California’s Sugar Bowl gets the most snow in the north Tahoe region (an average of 500 inches annually) and has an open-boundary policy, free uphill skinning access, and a Backcountry Adventure Center that offers professionally guided tours onto Donner Pass, a high-alpine zone with thousands of acres of rolling backcountry terrain (from $199, including gear rental). Outside Salt Lake City, Big Cottonwood Canyon’s Solitude was recently purchased by nearby Deer Valley, but not much has changed. It still gets the same light and dry 500-plus inches per year, and you’ll still find fewer crowds than at neighboring Alta and Snowbird. Book a room at the slopeside Inn at Solitude and you’ll have the ski area’s 1,200 acres practically to yourself. If that’s not enough, sign up for the Back Tracks program and let ski patrol sniff out the goods for you (from $75).
You Like to Whoop It Up, Too
At Whistler Blackcomb, British Columbia, you can have it all: 8,171 skiable acres spread across three gigantic glaciers, capped off with a village where you can saber a champagne bottle in Bearfoot Bistro’s underground wine cellar or drink local Kokanee beer at Merlin’s while a DJ spins until the wee hours. For the best deal, book a ski-and-stay package with lodging options around Whistler’s village (from $96). Since most Colorado visitors are lured by resorts closer to Denver, make the trek to Aspen Snowmass, where the resort’s four mountains provide open bowls, flowing groomers, and steep glades. The restaurant scene is just as eclectic, from the flown-in-daily sushi at Kenichi to the tastiest coq au vin this side of Paris at Brexi Brasserie. Our go-to is Jimmy’s Bodega, a raw bar known for its mezcal that opened this summer. Mammoth Mountain, California, feels remote—it’s 300 miles north of Los Angeles in the eastern Sierra Nevada, with broad swathes of above-tree-line slopes. This year it’s easier to get to with direct flights from Las Vegas and Denver. And the vibe is surprisingly lively, with a world-class terrain park and a SoCal-inspired music and food scene that never slows down. Opt for wood-fired pizza at Campo, or the expanded Mammoth Brewing Company, which will serve pub fare starting this winter. For the best lift-ticket deals: Whistler, Aspen, and Mammoth are all part of the Mountain Collective Pass, which gives you two days at each resort and more.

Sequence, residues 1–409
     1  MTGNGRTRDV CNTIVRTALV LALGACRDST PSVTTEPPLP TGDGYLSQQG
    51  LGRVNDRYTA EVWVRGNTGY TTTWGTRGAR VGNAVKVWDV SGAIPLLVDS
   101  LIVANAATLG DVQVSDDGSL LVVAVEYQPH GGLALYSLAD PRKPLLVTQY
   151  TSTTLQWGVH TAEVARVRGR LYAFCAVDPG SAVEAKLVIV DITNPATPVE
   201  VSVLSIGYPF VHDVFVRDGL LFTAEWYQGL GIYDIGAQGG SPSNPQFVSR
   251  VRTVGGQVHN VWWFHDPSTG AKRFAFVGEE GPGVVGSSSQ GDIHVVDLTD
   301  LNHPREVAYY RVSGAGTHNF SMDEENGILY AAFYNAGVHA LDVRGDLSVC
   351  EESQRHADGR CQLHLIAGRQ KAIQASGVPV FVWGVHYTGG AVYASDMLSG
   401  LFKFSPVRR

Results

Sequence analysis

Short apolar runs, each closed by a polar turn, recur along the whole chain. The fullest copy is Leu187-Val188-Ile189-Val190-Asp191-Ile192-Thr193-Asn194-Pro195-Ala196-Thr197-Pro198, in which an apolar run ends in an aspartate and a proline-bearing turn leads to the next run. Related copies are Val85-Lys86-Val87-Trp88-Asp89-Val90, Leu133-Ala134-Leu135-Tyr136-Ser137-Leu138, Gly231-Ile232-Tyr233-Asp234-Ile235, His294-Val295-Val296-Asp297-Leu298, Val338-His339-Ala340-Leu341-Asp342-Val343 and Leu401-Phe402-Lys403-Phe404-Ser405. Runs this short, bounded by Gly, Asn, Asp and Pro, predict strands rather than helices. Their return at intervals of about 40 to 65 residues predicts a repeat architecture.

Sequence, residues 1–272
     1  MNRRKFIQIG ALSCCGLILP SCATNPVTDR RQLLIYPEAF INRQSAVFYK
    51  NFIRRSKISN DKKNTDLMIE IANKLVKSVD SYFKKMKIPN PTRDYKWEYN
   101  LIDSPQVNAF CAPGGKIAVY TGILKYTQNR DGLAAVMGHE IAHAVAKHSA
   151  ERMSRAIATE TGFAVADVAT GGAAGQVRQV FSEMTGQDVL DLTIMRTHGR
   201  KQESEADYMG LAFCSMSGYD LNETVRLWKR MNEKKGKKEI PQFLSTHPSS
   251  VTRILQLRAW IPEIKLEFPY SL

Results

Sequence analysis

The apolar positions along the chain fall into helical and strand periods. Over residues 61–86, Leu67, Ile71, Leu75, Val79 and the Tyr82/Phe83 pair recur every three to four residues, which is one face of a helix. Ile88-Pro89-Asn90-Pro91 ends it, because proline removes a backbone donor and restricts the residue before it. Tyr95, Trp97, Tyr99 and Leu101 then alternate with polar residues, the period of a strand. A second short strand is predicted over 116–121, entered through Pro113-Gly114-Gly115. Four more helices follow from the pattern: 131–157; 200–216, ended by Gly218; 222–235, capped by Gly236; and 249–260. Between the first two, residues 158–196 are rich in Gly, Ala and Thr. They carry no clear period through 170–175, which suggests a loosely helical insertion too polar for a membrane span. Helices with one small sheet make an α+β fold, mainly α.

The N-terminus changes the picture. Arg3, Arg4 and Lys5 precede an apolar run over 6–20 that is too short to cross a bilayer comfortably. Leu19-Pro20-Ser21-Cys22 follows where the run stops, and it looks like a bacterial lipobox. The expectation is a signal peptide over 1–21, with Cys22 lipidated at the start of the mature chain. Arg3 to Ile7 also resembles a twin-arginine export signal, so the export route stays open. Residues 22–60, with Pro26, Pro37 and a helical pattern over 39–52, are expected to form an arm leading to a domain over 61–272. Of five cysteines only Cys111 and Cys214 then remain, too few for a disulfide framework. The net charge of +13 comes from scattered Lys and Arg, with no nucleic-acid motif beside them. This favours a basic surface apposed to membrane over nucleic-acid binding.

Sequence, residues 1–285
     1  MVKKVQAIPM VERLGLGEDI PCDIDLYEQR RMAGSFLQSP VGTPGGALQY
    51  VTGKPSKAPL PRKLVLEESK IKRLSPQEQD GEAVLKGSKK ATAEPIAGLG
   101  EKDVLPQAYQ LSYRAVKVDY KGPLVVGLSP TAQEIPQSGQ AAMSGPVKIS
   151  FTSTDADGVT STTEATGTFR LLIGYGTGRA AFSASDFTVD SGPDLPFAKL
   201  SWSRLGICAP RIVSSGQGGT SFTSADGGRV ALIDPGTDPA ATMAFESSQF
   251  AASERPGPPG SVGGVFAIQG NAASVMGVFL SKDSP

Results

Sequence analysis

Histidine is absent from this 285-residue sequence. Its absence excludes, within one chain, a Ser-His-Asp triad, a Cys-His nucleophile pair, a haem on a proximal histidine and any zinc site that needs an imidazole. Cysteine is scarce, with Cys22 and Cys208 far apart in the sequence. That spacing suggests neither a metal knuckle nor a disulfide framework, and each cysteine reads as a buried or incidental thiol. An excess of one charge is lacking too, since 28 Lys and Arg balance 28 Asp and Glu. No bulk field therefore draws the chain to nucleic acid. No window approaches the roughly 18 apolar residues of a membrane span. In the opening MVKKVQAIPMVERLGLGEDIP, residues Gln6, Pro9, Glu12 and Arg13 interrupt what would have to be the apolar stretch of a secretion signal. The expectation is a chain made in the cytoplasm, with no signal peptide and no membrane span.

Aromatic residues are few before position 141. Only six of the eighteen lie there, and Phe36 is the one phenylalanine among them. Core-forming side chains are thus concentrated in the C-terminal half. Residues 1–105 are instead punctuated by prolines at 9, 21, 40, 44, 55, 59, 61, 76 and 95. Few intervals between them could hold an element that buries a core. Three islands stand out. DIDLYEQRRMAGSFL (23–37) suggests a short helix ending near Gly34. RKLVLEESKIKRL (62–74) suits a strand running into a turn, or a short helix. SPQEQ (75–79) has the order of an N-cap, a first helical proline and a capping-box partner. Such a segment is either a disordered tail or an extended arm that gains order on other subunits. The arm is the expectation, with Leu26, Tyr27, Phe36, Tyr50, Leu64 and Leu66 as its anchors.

The Bigger the Playground, the Better
The runs are long (up to six miles) and the lifts are high (the Lone Peak Tram whisks you to 11,166 feet) at Big Sky, Montana. Since acquiring neighboring Moonlight Basin, the area now boasts 5,800 skiable acres—the most in the U.S.—plus new glading that will open additional in-bounds terrain. It’s also more accessible than ever, with numerous flights into Bozeman (an hour away), including 14 nonstop routes from places like Seattle and Houston. If you like expansive, you’ll love Revelstoke, British Columbia, which runs cat- and heli-accessed operations right from the base. This year, the resort will debut an avalanche bombing system in the North Bowl, which means patrol can open it up faster on powder days. Stay in a suite near the gondola at the Sutton Place Hotel (from $199), and after shredding head to the Rockford Wok Bar and Grill for honey-ginger chicken wings and pints of local IPA. Finally, there’s big news down in Taos, New Mexico. A lift will now access 12,481-foot Kachina Peak, a trip that previously required a 45-minute boot-pack, increasing the area’s lift-served terrain by a whopping 50 percent. Taos’s base area will also get a face-lift for next winter. Until then, our favorite remains the European-style Hotel St. Bernard, an après go-to since 1960 at the base of Chair 1 (from $2,724 for one week, all-inclusive).